2. Temperature changing erratically

Erratic temperature fluctuations can also occur causing dramatic spikes and drops in temperature which eventually leads to poor engine performance. In this case you may see the temperature abnormally low at one point and shortly after climb to an abnormally high level.

3. Coolant leaks around the thermostat housing or under the vehicle

Another indication may also be leaking coolant which can be caused by the thermostat not allowing coolant to flow when it is stuck in the closed position. This can be noticeable in a variety of locations, but most commonly around the thermostat housing. This can eventually cause other coolant hoses to leak as well resulting in coolant often times leaking on the ground under your vehicle.

Thermostat replacement is a fairly inexpensive repair to make to your vehicle, preventing potentially thousands of dollars in engine damage due to excessive heat. If any of the above symptoms sound familiar to you, it may be time to have an expert mechanic from YourMechanic come to your home or office to diagnose your vehicle.

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This article originally appeared on YourMechanic.com as Symptoms of a Bad or Failing Thermostat.

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Sours: https://www.autoblog.com//06/13/symptoms-of-a-bad-or-failing-thermostat/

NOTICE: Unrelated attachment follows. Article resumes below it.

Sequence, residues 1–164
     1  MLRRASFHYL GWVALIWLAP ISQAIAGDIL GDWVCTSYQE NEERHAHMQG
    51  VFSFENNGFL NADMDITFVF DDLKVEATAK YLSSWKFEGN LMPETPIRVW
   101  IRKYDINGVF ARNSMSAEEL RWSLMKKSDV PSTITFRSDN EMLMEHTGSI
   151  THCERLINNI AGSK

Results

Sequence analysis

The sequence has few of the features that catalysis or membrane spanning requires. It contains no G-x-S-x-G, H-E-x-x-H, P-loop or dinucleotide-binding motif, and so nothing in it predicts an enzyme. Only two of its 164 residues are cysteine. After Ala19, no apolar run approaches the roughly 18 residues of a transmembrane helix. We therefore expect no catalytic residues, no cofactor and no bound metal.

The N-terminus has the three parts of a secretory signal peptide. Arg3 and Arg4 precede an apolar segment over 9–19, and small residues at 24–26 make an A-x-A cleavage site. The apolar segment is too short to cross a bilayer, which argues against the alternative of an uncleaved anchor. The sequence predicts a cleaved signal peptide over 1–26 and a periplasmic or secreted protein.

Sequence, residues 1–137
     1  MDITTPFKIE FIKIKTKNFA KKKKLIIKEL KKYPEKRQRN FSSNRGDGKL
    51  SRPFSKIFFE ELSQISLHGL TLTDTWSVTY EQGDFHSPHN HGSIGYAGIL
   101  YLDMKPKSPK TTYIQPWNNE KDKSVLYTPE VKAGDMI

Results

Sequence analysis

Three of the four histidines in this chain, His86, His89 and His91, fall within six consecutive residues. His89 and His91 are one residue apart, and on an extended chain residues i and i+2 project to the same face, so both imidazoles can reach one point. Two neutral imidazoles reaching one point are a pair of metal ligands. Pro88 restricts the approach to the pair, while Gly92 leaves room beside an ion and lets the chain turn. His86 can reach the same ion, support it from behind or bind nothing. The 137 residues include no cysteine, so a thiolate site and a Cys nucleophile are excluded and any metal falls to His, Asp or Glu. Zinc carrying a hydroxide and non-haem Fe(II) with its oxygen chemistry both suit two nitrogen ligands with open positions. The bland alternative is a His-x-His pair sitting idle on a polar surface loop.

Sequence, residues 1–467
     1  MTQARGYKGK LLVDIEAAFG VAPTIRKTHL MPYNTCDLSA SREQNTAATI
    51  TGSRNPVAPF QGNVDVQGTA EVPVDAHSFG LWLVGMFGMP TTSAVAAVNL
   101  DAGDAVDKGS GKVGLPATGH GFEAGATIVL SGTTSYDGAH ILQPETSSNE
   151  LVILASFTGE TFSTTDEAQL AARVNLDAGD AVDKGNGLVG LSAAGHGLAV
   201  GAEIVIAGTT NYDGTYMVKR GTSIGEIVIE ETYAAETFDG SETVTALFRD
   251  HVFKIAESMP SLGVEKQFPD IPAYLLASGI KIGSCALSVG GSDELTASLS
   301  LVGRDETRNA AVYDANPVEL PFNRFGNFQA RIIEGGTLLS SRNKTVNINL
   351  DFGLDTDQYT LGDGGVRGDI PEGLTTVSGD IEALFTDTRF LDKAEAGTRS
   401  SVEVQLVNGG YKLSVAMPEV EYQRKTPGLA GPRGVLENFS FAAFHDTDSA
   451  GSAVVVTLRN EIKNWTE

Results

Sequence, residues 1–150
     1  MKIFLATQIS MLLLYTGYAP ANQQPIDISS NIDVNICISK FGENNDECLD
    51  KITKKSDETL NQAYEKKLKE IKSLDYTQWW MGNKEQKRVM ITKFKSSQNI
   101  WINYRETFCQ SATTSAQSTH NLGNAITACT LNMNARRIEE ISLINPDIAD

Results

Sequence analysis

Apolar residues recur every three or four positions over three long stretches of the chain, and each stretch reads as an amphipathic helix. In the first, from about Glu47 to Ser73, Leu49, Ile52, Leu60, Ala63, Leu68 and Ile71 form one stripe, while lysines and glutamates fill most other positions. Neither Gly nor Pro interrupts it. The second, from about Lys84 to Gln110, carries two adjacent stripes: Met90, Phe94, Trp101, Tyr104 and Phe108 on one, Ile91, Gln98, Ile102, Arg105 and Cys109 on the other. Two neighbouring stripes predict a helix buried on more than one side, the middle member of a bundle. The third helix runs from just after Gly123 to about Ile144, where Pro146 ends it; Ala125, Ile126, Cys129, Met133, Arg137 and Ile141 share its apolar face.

2014 Ram 2500 6.7 CTD: Low Coolant Issue


Your Dodge Ram relies on a thermostat to control the temperature of the engine.  When it goes bad, you&#;ll experience a number of different problems.  Some of the most common symptoms of a bad thermostat are no heat, a spiked temp gauge, blown head gasket, and more.

Bad Thermostat Symptoms Dodge Ram


Symptoms of a Bad Thermostat:  Dodge Ram

There are a few ways that your Ram will tell you that your thermostat is bad.  Hopefully you&#;ve caught them before any damage was done.  Thermostats are very inexpensive, f you do end up needing one.  Here are the most common signs of a bad thermostat.



The most common symptom of a bad thermostat is overheating.  The thermostat doesn&#;t open up.  This keeps the coolant from entering the engine.  When this happens, the coolant in the radiator stays relatively cool, and the engine overheats fast.